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The Significance of the Multistate Tax Compact and UDITPA Amid Recent Developments

May 18th 2016
Editor/Author Thomson Reuters Checkpoint
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On Dec. 31, 2015, in The Gillette Company et al. v. Franchise Tax Board, the Supreme Court of California held that taxpayers could not elect to apportion income under the Multistate Tax Compact. The compact is a model law developed in the 1960s, and joined by California in 1974, to establish uniformity in how states source the income of multistate companies.

Overruling a 2012 decision by the California Court of Appeal, the Gillette court held that, although California had not officially withdrawn from the compact for the tax years at issue, the compact was not binding and the state successfully nullified the compact’s apportionment election when it adopted conflicting provisions in 1993. This key ruling comes on the heels of similar cases in Michigan, Minnesota, Oregon, and Texas, and will likely be appealed to the US Supreme Court.

As a tax professional, understanding the significance of this decision and its impact on each state’s policies is crucial in devising tax-planning strategies and identifying risks for multistate clients. Here, we take a look at the Multistate Tax Compact, the related Uniform Division of Income for Tax Purposes Act (UDITPA), and how the changing economy is influencing the way states are interpreting these laws.

Understanding UDITPA and the Compact
Originally issued in 1957 by the Uniform Law Commission, UDITPA provides a model law for allocating and apportioning income among the states. In 1966, a group of state officials drafted the Multistate Tax Compact, which incorporates UDITPA, to address income tax issues affecting multistate taxpayers. The compact took effect on Aug. 4, 1967, upon adoption by seven states.

UDITPA distinguishes between business and nonbusiness income; requires an evenly-weighted, three-factor apportionment formula; and follows the “cost of performance” sourcing method. From 1967 through 2014, Article IV of the Multistate Tax Compact conformed to UDITPA.

At its annual business meetings in July 2014 and 2015, the Multistate Tax Commission (the body that oversees the compact) adopted several sweeping amendments to Article IV. The revised Article IV adopts a broad “apportionable income” definition, requires market-based sourcing, and recommends use of a three-factor apportionment formula with a double-weighted sales factor.

To date, no state has adopted the revised Article IV, though many states are independently moving to market-based sourcing and apportionment formulas that give greater – or exclusive – consideration to the sales factor.

States’ Multistate Tax Compact Status
The following are results of an October 2015 Thomson Reuters survey, Westlaw 50 State Statutory Surveys: Taxation: Multistate Compacts and Apportionment:

  • Fifteen states and the District of Columbia are members of the Multistate Tax Compact.
  • Seven states are “sovereignty” members.
  • Twenty-six states are “associate” members.
  • Two states are nonmembers.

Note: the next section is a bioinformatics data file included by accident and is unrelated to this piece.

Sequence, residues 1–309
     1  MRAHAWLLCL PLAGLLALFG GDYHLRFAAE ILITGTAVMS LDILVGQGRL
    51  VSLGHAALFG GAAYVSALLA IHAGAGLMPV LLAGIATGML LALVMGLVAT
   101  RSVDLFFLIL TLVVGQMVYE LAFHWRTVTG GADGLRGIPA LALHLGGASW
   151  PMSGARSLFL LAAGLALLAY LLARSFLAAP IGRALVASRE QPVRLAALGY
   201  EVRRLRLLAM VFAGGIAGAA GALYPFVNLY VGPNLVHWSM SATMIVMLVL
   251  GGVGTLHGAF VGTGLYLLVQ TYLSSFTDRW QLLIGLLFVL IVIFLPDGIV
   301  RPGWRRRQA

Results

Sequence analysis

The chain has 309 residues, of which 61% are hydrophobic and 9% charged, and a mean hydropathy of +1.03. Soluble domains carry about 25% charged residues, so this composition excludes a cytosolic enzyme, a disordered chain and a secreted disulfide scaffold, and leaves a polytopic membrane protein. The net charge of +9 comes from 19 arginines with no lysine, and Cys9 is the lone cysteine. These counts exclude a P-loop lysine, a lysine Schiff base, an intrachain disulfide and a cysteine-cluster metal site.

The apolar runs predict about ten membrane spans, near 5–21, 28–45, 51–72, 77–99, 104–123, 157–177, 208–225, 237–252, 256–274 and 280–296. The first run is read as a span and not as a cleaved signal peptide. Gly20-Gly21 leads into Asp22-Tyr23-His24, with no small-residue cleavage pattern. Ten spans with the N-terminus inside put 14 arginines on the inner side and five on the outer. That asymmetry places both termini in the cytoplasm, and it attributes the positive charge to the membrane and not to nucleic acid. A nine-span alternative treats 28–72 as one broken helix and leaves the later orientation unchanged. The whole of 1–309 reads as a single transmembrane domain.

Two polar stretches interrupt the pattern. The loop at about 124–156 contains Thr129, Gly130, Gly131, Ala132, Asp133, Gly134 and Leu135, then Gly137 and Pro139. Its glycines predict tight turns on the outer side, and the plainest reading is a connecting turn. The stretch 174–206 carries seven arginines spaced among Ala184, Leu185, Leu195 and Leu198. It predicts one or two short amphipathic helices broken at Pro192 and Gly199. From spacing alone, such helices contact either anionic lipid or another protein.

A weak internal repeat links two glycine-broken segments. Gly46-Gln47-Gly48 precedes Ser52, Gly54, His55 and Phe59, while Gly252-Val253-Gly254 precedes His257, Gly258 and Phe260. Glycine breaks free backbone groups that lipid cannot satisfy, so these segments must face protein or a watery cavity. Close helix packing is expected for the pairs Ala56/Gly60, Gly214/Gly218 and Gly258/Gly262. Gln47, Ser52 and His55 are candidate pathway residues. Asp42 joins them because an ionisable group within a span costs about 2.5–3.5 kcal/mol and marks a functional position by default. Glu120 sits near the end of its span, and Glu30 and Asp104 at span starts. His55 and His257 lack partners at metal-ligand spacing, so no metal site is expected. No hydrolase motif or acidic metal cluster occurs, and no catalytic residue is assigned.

Sovereignty members. Have not adopted the compact but pledged support for the activities of the Multistate Tax Commission. In practice, this means these states generally follow the same taxation procedures as member states, but reserve sovereign rights to craft their own procedures.

Associate members. Participate in Multistate Tax Commission meetings, programs, and projects, and consult and cooperate with the commission and member states. These states also tend to follow the same practices as member states without having adopted the compact.

Nonmembers. Do not participate in the compact.

Additional notes. Participating states are not required to adopt the entire compact and are free to adopt parts of it. However, states that do not adopt the compact in its entirety are not allowed to vote on the Multistate Tax Commission. Only member states are allowed to vote, and each member state has one voting representative on the commission.

Then vs. Now
Before UDITPA, states used a variety of methods to apportion income. In the 1960s, threat of federal intervention made uniformity a priority, and in furtherance of that goal, many states adopted UDITPA’s evenly-weighted, three-factor formula and joined the compact.

Today, uniformity is no longer a prime objective, as states struggle to incentivize in-state property and payroll while maintaining sufficient tax revenue in a changing economy. Many states, including compact member states, have adopted an apportionment formula that sources income based primarily on the location of a taxpayer’s sales rather than where the company owns property or employs its workforce.

Like California, many of these states did not act to formally withdraw from the compact before adopting these new apportionment formulas. If the US Supreme Court were to hold, as the taxpayers in Gillette advocate, that the compact is binding and cannot be unilaterally amended or overruled by state law, states could face billions of dollars in refund claims. This potential fiscal impact has prompted a number of states to formally withdraw from the compact in recent years. Further, a US Supreme Court ruling on the compact could prompt renewed interest in federal regulation of multistate taxation – and with it a new wave of state-led uniformity efforts.

Tax professionals must stay up-to-date, not only with the latest legislative changes affecting apportionment for future tax years, but also how cases like Gillette impact the available apportionment methods for prior tax years.


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